FAYETTEVILLE - After 2 counties are designated as HIDTA areas, federal officials continue working with county leaders to stop the spread of drugs. Local communities are also doing their part to prevent the future generation from facing this epidemic head on. How are people around you handling the war on drugs?
In the final segment of the 'Kicking Our Fix' series, a local agency shared how they continue to tackle prevention.
After looking into what is being done to combat drugs on the Federal and State level, a local woman talked to Newswatch about her personal story regarding this topic. She also shared what her agency is doing to prevent drug addiction within the community.
Businesses and residents at the local level are most affected by the drug epidemic. The Director of the Fayette County Family Research Network, Aletha Stolar, said her community decided to take action.
"People were talking about how drugs were affecting their clients and what they were seeing in their organizations and who they dealt with and it was really destroying. Finally, one of the folks at the meeting said you know what, let's quit talking about it lets do something," said Stolar.
They call it ‘The Reality Tour.’ Stolar said it takes volunteers countless hours to plan and execute, but the impact it leaves is worth the work.
Stolar said, "a combination of live dramatization of everything from a drug dog arrest, to a jail scene, to an overdose like in the emergency department scene, and finally into a funeral. Throughout the whole thing is this narrative of 'once I was just like you'. We also have small group discussion so we talk about the different drugs, how you can get started, what leads to what."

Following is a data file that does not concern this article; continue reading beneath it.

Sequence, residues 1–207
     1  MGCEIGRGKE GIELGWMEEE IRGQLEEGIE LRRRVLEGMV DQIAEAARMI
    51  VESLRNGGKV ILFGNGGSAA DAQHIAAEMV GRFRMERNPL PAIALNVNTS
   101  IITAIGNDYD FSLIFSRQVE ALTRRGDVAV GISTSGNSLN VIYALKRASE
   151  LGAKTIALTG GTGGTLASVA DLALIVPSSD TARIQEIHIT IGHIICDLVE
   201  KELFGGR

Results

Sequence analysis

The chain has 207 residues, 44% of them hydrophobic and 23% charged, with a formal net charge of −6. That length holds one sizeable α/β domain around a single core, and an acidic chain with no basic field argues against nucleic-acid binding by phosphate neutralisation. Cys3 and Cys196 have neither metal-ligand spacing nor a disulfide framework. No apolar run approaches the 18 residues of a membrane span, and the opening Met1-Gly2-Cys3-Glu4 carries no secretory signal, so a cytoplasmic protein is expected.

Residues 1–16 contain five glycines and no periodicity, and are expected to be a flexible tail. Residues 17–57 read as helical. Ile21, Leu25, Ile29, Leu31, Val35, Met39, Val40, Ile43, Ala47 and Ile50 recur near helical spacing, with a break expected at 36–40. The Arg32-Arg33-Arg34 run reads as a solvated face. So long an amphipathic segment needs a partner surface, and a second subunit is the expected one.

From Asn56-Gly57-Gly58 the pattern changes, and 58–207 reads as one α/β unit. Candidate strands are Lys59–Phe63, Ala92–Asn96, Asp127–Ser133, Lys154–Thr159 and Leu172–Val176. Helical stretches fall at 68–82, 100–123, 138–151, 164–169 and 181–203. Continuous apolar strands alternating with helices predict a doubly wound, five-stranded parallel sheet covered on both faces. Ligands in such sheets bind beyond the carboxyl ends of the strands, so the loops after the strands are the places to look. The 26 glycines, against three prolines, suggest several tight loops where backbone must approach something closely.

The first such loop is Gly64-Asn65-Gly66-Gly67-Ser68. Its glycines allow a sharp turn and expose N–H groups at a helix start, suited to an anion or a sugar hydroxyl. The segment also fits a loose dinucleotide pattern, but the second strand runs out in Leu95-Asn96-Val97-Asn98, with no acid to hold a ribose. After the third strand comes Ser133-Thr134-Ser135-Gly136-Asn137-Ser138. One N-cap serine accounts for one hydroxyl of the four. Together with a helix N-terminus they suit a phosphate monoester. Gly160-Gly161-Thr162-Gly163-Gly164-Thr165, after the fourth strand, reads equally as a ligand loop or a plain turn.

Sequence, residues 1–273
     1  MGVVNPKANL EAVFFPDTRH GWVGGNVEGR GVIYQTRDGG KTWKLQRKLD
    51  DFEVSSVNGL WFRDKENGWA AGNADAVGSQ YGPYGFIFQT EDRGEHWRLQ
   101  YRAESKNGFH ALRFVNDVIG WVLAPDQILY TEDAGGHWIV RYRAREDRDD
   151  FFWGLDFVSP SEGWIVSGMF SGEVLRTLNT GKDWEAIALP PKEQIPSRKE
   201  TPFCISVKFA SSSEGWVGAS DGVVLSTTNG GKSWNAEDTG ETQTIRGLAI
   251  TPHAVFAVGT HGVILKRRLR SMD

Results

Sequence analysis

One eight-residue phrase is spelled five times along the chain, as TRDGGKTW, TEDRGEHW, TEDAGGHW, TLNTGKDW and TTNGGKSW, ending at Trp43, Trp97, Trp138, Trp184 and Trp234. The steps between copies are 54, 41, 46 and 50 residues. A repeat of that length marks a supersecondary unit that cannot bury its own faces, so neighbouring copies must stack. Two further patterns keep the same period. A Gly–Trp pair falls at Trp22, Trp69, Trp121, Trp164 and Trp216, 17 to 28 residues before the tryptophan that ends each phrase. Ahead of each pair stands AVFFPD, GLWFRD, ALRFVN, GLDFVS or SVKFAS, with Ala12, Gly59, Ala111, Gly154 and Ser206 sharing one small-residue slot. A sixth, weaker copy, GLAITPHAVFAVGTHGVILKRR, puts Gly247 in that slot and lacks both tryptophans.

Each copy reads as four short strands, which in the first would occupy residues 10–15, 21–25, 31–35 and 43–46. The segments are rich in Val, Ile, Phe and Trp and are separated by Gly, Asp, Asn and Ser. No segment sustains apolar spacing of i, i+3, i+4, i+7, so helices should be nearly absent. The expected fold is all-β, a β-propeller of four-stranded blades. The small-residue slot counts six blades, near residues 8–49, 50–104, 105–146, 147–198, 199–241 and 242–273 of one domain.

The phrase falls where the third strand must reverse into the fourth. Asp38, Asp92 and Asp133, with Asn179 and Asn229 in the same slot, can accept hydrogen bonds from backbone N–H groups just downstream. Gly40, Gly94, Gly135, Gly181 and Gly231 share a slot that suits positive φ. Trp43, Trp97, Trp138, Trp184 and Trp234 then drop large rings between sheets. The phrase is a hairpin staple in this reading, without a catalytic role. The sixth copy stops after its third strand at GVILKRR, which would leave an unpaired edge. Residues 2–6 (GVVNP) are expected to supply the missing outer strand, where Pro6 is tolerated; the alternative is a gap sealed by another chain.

Drug addiction is a growing concern, affecting more families each year. The topic, however, remains beneath the radar, which can be crippling to the intervention process.
"It's like almost a family shame as opposed to being open and honest about it,” said Stolar.
Stolar shared her own 'near-addiction' story to let people know it can happen to anyone, but help is available if you're willing to replace whatever substance you're using.
"I found myself counting out how many pills I had left, you know talked to the doctor and left a message and wanted to get another prescription. I think I called every day for 4 or 5 days, you know, I'd go by the pharmacy and see if it had been dropped off and then it really hit me like a sledge hammer; oh my gosh! I am actively seeking and chasing after these drugs. It really does trick your brain into thinking that you have a lot of pain and you need more pain medication," said Stolar.
Stolar said addicts seem to find loop holes in legislation, but hopefully someday their energy will be challenged to a more positive outlet. "These folks are really clever. I've always said, I wish they could turn this entrepreneurship into something positive,” said Stolar.